Review: Jack Foley
DVD SPECIAL FEATURES: The Vibe of Vice. Building The
Perfect Vice. The Style of Vice. The Music of Vice. Miami After
Vice. Regions 2/4.
EPISODES: Brother's Keeper, Heart of Darkness, Cool Runnin',
The Hit List, Calderone's Demise, One-Eyed Jack, No Exit (a.k.a.
Three-Eyed Turtle), The Great McCarthy, Glades, Give a Little
Take a Little, Little Prince, The Milk Run, Golden Triangle, Golden
Triangle, Smuggler's Blues, Rites of Passage, The Maze, Made for
Each Other, The Home Invaders, Nobody Lives Forever, Evan, Lombard.
WHEN it first blasted its way onto our television screens in
1984, Miami Vice represented something of a landmark series.
With its designer violence, designer clothes and stubble and
its killer soundtrack, it was to the Eighties what Starsky and
Hutch represented to the Seventies, in that it defined the decade.
Time magazine hailed Miami Vice to be 'TV's hottest and hippest
cop show', while countless awards were bestowed upon it, including
And it made instant household names of of Don Johnson, Philip
Michael Thomas and Edward James Olmos, who won an Emmy as the
intense Lt Castillo.
Looking back, it does look a little dated, but the raw, gritty
early episodes maintain a cinematic sensibility that is instantly
the hallmark of series producer, Michael Mann.
Indeed, seasons one to three were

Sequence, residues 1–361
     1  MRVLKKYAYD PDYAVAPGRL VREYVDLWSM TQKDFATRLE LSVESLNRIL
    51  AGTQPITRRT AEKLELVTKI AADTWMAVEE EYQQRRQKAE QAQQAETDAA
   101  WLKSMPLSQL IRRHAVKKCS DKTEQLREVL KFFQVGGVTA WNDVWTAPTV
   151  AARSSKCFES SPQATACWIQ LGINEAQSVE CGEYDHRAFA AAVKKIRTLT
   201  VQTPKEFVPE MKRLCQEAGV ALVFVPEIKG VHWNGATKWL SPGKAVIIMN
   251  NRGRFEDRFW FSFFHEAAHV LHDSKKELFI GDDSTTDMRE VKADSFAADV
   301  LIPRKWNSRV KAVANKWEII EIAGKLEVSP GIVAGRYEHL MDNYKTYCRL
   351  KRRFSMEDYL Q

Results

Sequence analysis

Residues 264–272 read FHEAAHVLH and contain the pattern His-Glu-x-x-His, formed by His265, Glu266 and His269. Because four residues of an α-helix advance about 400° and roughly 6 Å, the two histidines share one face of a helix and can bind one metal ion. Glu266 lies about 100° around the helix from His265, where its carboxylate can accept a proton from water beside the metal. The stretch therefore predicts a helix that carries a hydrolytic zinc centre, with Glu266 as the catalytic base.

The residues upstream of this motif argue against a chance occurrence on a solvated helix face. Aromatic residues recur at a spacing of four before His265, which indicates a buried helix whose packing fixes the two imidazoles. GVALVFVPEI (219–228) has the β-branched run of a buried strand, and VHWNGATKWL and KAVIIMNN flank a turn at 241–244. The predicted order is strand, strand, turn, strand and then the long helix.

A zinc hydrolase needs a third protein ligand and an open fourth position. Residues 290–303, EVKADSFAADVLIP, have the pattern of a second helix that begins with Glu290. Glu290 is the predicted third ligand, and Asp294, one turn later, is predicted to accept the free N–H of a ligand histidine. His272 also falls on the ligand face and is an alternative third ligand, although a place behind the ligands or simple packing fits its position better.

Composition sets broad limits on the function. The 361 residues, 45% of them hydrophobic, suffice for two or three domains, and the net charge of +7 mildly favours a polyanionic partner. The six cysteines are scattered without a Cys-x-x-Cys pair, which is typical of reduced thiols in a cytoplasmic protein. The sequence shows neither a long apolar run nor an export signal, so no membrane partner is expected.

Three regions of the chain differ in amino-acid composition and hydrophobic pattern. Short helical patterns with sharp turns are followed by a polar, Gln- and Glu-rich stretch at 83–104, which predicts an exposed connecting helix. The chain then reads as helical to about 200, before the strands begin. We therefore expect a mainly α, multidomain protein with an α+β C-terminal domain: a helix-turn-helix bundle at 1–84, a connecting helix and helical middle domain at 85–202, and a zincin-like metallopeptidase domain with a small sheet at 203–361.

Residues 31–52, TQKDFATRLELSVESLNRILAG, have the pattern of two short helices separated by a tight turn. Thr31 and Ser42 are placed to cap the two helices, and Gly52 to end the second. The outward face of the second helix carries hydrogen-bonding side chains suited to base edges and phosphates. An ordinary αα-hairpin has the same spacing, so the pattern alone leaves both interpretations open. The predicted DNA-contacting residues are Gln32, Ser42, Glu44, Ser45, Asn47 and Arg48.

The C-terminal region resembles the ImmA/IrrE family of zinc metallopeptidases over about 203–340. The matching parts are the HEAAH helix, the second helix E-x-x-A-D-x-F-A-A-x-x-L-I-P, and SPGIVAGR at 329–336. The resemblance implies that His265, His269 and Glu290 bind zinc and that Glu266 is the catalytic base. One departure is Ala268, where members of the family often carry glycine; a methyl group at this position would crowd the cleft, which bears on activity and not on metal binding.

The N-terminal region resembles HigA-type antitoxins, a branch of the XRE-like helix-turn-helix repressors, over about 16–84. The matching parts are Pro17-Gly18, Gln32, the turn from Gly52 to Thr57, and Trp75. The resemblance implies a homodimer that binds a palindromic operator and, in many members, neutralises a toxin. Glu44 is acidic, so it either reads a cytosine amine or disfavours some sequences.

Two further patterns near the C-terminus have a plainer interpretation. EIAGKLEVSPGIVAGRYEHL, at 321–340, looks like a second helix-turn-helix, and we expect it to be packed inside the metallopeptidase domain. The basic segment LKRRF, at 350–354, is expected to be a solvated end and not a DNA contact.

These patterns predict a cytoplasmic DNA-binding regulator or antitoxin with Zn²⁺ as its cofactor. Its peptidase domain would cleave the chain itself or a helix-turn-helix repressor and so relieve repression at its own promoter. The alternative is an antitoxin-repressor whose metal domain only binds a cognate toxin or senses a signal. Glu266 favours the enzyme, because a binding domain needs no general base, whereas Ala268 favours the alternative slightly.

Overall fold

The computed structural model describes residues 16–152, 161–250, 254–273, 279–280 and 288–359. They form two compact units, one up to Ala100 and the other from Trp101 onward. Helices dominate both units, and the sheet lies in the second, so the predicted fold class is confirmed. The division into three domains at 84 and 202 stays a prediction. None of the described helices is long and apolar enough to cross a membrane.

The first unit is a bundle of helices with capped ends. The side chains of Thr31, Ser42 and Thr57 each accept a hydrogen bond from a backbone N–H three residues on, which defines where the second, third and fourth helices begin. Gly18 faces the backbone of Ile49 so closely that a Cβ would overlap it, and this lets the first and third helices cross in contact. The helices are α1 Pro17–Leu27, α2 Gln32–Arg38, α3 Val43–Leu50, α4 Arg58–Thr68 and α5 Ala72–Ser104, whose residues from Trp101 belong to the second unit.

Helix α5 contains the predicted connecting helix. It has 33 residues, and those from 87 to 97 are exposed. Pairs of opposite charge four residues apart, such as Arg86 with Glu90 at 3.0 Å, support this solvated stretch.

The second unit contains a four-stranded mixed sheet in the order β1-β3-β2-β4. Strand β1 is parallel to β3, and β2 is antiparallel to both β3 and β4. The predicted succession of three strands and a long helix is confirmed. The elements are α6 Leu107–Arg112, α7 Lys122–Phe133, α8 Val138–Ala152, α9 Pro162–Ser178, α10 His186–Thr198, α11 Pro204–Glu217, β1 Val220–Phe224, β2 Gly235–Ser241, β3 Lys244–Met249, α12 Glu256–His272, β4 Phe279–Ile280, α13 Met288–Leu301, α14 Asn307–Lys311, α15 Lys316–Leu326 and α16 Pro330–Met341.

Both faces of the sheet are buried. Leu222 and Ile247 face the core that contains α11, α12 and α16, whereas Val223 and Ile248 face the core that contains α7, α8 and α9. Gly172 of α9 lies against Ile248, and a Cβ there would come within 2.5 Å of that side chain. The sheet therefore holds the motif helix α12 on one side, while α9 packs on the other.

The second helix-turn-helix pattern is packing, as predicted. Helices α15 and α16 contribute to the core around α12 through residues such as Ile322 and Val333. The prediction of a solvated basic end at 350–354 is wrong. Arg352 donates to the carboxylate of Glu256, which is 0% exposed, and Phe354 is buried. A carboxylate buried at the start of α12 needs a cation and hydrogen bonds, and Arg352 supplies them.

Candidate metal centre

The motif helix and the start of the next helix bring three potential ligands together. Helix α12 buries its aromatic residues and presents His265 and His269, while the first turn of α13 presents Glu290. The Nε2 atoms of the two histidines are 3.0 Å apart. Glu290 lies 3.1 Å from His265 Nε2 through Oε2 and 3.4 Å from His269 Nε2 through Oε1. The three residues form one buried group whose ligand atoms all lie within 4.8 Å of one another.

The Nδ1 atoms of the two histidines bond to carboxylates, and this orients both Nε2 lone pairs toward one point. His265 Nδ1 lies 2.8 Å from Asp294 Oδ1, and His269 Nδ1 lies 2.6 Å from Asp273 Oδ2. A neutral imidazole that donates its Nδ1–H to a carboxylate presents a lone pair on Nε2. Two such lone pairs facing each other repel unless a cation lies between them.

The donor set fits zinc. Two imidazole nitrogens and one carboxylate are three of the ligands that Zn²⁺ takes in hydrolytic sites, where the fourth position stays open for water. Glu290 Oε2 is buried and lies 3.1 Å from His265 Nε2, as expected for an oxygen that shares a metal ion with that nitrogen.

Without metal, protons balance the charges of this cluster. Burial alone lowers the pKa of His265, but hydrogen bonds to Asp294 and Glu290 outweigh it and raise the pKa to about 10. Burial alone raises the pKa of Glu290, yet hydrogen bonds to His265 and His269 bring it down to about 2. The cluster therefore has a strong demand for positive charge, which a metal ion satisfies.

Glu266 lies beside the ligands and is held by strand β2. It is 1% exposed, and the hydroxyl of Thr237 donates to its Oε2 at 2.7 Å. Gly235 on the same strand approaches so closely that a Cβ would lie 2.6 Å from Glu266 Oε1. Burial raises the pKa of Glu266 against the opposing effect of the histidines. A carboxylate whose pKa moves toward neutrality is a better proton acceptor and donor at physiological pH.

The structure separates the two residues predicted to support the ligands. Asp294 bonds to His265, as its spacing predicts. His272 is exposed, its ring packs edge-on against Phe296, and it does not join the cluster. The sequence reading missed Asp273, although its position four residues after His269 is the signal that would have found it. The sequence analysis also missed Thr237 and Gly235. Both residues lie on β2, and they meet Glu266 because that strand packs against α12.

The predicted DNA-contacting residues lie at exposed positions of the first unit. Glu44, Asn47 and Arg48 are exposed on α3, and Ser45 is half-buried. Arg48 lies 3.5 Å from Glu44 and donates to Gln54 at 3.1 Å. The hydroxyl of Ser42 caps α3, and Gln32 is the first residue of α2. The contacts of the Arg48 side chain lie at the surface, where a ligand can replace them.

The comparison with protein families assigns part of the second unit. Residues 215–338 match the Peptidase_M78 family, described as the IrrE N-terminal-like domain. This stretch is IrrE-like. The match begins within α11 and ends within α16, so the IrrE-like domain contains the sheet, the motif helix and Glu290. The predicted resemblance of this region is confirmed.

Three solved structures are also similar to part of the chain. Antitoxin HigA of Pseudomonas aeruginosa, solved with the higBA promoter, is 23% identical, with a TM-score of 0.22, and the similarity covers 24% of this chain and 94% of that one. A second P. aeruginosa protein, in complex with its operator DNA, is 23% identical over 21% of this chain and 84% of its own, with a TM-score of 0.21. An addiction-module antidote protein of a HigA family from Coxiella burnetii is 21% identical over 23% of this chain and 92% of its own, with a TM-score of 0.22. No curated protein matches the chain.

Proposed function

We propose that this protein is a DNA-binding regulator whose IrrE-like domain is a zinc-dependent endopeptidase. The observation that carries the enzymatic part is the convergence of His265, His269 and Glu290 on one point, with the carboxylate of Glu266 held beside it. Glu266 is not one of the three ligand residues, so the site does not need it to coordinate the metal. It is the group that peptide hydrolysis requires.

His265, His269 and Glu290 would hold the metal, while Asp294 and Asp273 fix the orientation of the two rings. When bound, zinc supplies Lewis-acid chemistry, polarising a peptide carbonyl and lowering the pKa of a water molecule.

the best of the lot, tackling the seedy underside of Miami in
an unflinching, yet totally stylish manner, and confronting some
pretty weighty issues into the bargain.
Series opener, Brother's Keeper, was a classic case
in point, focusing on corruption within the police force, drug
lords and murder, vice and double-crosses.
It begins as Miami police detective James 'Sonny' Crockett (Johnson)
reluctantly teams up with New York newcomer Ricardo Tubbs (Thomas)
to solve several murders connected to a mysterious Colombian drug
lord, Orlando Calderone.
The episode was notable for introducing the detectives to each
other for the first time, as well as featuring a memorable cameo
from Jimmy Smits, as Crockett's ill-fated partner.
Future episodes built on the chemistry between the leads, while
introducing Olmos as Castillo (replacing Gregory Sierra as Lt
Lou Rodriguez), and the eccentric fellow detectives who populated
future episodes (such as Switek, Zito, Gina and Trudy).
Classic episodes included No Exit, which featured a
pre-Moonlighting Bruce Willis, The Milk Run, which saw
Crockett trying to save two naive New Yorkers who were looking
for one big score, and Smuggler's Blues, which featured
Glenn Frey on-screen and on the soundtrack.
Yet season one boasted a pretty strong line-up throughout, whether
in terms of guests (Dennis Farina, Dan Hedaya, John Turturro,
etc), directors (Rob Cohel, Abel Ferrara), or musicians (Phil
Collins, Eric Clapton and ZZ Top all featured on the score).
It's little wonder that given Hollywood's current appetite for
reviving small screen classics, Miami Vice is to be given the
big screen treatment (with Colin Farrell and Jamie Foxx in the
What's more, series creator, Michael Mann, will be writing and
directing - making 2006 a very hot prospect for Miami Vice fans
at the box office, and this box set a must-have for anyone in
need of some 80s-laced nostalgia.